We are just back from cruising New Caledonia on a friends yacht. We had such a great time (post to come later on today hopefully) and we learn’t a few things along the way that might also come in handy for you if you plan to visit any time soon.
New Caledonia is located in the Coral Sea on the Western Edge of the South Pacific Ocean, aprox 900 nautical miles North-West of Northern New Zealand, 700 nautical miles North-East of Brisbane or 250 ish nautical miles South-West of Vanuatu.
The Island is about 200 nautical miles long, and is surrounded by a reef and lots of other islands, including the Loyalties and the Isle of Pines. You can pretty much sail around the entire island inside the main reef.
Getting to New Caledonia
If you aren’t sailing to New Caledonia, then chances are you might be flying! We travelled from New Zealand – its just a two and a half hour flight. We prefer to fly Air New Zealand to get airports, but this time we booked with Air Calin as their prices were much cheaper. When we got to the airport it turned out that we were on a codeshare flight on an Air NZ plane. So we got a much cheaper airfare and “The Works” a full meal and movies on board!
So not only did we pay less, but we got more – apart from our airpoints that is. It is well worth doing a comparison.
Arriving in New Caledonia
By boat – The main arrival port is Port Moselle Marina, which is located right in the centre of Noumea. There is a visitors wharf in the marina. More information about clearance formalities can be found on Noonsite. You can’t bring in any fresh fruit, vegetables or meat.
By plane – as the boat we were staying on was already in New Caledonia, we flew in to the International Airport which is about 50km north of Noumea. We pre booked a driver to come and pick us up which was CFP10,000 one way. This worked out better for the four of us as a transfer in the bus was CFP3000 each. It takes about an hour to drive on the highway in to Noumea. The airport is really modern. There were taxi’s available as well.
Here is an option of a transfer company to book with: http://smithvoyage.lagoon.nc/english.html – they had a decent sized mini van that could carry all our luggage and 6 passengers. They collected us from the Marina and took us back to the airport
Visitors with NZ or Australian passports can stay for up to 90 days without a visa. People with EU passports can stay for as long as they like so long as they are of independent means or self employed. If you want to work you have to get a visa.
If you decide not to book a transfer, you can also rent a car. We booked online with Sixt Rental Cars and got a Dacia Duster – which is like a small 4WD, which had plenty of space for 4 adults and all our gear.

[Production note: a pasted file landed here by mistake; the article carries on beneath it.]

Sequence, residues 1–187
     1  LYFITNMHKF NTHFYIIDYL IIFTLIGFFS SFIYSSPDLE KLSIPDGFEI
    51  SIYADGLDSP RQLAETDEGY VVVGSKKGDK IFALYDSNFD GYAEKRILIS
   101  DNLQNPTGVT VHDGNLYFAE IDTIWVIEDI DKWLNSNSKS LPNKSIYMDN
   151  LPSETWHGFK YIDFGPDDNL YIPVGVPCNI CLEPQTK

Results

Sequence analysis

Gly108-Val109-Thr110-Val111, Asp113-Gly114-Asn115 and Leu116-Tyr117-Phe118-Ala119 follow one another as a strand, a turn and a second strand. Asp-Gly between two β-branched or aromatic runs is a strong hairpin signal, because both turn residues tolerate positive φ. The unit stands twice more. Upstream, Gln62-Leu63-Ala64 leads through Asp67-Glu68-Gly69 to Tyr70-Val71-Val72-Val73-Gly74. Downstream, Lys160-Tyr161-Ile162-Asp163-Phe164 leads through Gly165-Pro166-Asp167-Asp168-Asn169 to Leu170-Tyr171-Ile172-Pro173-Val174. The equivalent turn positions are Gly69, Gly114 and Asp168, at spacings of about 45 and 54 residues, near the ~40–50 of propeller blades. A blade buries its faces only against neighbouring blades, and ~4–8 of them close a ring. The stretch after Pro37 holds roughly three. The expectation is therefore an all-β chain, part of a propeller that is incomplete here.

Driving is on the right hand side of the road which was a bit challenging and stressful for Andrew, but he did get the hang of it.
They have a depot at both La Tontouta – the International airport and also Magenta airport which is the domestic airport in Noumea. Our plan was to do a one way drop off – have the car for a couple of days. There was a small one way drop off fee, but as it turned out we got a friend to drop the car back to La Tontouta for us.
The car worked out to be around NZD$250.00 for 48 hours, and we managed to cover some territory in that time. Not too bad considering the transfer one way in to town would have cost us around NZD$120.00.
Getting to the outer Islands
If you are joining a boat in either the Loyalty Islands or Isle of Pines, there are a couple of options. You can fly with Air Caledonie, who operate a number of flights during the day. They fly from Magenta Airport which is in Noumea – so about an hour’s drive from La Tontouta the international airport. Allow plenty of time if you are transiting straight through.
They were super easy to deal with and promptly refunded our tickets when we had to cancel. Flights were around the NZD$100 ish mark depending on availability and ticket type. I was surprised that on the day we wanted to fly over to the Loyalty Islands all the flights were full so we had to book the ferry for that.
The inter island ferry is called Betico. They run a fast ferry service out to the islands, but not every day. Check their website for the schedule. Their prices are cheaper than flying, and it takes a few hours to get out to the islands. They leave quite early in the morning and their depot is over in the northern corner of Noumea harbour (within walking distance of the Marina but quite a long walk if you had a heavy bag!) They arrive in Kuto Bay at the Isle of Pines and We Marina in Lifou – which is handy as they are also easily accessible by yacht.